I don't know if this is the right place for things like this, but I am curious about a few aspects of the GCC front-end/back-end architecture:
- I know I can compile
.ofiles from C code and link them to C++ code, and I think I can do it the other way round, too. Does this work because the two languages are similar, or because the GCC back-end is really language-independent? Would this work with ADA code too? (I don't even know if that makes sense, since I don't know ADA or if it even has "functions", but the question is understood. If it makes no sense, think "Pascal" or even "my own custom language front-end")
- Where would garbage-collection be implemented? For example, a Java front-end. The way I understand, if compiling to a JVM back-end, the "platform" will take care of the GC, and so the front-end needs not do anything about it, but if compiling to native code, would the front-end send garbage-collecting GENERIC code to the back-end, or does it turn on some flag telling the back-end to produce garbage-collecting code? The first makes more sense to me, but that would mean the front-end produces different output based on the target, which seems to miss the point of the GCC's front-end/back-end architecture.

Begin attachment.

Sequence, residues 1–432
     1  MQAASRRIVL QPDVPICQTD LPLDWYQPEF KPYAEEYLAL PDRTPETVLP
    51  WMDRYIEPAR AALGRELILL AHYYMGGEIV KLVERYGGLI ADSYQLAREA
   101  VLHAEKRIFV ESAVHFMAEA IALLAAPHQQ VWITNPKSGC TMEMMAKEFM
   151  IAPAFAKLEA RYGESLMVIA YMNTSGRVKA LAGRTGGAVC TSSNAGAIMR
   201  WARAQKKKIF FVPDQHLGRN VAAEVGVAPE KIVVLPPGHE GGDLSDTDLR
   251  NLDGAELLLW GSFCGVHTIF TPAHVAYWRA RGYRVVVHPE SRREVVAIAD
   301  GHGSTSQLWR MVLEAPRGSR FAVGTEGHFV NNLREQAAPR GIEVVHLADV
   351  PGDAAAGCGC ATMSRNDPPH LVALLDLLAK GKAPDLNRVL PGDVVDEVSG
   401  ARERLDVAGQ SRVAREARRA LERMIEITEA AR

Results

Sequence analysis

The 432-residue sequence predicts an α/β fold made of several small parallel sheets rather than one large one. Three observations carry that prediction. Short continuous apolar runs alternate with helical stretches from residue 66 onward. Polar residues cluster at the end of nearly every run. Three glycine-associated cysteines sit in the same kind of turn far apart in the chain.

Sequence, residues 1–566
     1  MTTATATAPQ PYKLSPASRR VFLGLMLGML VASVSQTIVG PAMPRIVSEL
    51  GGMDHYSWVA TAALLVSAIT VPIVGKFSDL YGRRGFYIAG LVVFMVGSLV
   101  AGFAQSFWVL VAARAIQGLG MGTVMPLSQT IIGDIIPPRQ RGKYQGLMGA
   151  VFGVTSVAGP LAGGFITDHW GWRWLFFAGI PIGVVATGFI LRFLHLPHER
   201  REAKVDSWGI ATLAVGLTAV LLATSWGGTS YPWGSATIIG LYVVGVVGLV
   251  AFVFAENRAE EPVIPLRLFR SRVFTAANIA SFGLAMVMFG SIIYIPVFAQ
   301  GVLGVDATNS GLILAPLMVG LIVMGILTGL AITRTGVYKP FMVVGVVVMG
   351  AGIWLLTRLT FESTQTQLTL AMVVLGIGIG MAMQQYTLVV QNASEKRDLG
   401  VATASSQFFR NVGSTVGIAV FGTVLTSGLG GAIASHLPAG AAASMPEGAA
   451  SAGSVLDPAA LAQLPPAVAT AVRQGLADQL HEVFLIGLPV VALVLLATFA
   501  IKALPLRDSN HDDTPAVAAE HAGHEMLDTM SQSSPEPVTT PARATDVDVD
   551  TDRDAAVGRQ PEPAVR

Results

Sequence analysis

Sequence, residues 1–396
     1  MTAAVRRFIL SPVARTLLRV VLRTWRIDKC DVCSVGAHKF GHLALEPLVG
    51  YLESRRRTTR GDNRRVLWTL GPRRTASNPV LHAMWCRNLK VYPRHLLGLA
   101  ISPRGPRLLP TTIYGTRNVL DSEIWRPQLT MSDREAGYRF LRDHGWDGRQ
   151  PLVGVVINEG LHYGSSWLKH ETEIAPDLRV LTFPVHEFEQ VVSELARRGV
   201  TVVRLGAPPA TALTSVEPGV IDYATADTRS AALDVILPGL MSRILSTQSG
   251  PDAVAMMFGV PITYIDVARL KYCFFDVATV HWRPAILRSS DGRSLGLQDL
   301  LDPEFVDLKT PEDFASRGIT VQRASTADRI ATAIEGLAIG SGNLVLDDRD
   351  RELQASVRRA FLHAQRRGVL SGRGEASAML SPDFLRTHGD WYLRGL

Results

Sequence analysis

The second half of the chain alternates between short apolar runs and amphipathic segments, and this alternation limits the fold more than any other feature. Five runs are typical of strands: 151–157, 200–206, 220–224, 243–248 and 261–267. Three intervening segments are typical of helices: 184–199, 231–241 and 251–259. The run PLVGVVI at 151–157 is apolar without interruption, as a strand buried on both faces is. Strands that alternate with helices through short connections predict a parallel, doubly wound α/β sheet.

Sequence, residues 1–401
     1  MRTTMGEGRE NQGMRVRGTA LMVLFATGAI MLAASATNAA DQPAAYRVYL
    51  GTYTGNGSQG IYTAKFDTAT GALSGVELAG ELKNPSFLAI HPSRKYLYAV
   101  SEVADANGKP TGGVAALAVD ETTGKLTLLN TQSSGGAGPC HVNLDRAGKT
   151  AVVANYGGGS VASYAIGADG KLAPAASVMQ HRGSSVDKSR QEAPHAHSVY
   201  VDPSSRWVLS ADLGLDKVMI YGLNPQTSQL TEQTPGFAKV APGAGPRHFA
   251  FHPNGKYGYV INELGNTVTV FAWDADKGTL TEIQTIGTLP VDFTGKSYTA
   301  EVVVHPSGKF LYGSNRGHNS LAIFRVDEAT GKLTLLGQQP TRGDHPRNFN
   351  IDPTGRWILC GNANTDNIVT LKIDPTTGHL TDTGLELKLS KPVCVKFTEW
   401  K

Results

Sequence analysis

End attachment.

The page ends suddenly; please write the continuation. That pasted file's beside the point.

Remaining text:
- Where would language-specific libraries go? For instance, the standard Java classes or standard C headers. If they are linked in at the end, then could a C program theoretically call functions from the Java library or something like that, since it is just another linked library?